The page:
But, as God looked at the countless worlds of God’s creation, God wept, for God couldn’t actually experience anything that God created. God was too fundamentally different from God’s own creations, and as such was unable to eat or drink, to love or to hate, to feel happiness or to cry. Like a painter unable to see their own painting, God was unable to witness God’s own creation at work. God had to simply watch the mortals of Creation revel in their universe, and for this God was envious.

And so, God performed what is called the First Great Resurrection. Summoning forth the greatest sword in Creation, God killed itself, impaled on God’s own throne. However, a deity can never truly die, and the very essence of God was split, and from that essence came 666 new beings: the First Demons.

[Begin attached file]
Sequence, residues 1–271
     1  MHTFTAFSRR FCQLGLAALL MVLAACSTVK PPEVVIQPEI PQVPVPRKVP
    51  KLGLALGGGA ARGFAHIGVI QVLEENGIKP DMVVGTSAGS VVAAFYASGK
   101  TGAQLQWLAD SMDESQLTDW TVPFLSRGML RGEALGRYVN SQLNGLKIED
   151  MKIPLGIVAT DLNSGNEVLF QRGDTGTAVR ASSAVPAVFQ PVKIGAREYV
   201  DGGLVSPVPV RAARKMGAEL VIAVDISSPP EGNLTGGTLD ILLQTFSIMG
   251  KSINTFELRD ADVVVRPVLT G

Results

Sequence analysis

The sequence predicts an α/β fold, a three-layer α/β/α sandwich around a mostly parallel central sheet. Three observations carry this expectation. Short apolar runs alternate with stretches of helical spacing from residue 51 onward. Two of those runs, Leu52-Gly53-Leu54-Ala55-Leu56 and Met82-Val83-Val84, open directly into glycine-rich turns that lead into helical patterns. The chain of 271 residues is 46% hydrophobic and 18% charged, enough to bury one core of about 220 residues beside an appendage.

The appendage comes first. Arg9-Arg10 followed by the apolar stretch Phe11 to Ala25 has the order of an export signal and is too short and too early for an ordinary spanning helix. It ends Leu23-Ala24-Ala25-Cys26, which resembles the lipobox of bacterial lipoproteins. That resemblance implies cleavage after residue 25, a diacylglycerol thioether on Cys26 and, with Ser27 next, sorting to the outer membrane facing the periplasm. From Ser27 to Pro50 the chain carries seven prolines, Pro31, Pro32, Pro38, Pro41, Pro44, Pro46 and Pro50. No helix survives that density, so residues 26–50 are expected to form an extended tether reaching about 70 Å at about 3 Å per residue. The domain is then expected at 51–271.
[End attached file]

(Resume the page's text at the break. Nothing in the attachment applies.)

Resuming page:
These Demons were similar in a lot of ways to the God that birthed them. If they died, they, too, would eventually regenerate into a new being. They had innate magical prowess, and could control their own forms to take any shape. However, these new beings encapsulated some of the world around them when they formed. They experienced emotion, they aged, they needed to eat and drink, and they had distinct personalities.

These First Demons found themselves in the throne room of their Creator, a palace surrounded on all sides by stone. With that, they began to dig, and dig, and build, and dig, slowly building the first structures to stand alongside the Palace of the Creator. As they dug, they discovered that the stone which encapsulated their world simply did not end. The world they lived in could be expanded endlessly, as long as they dug.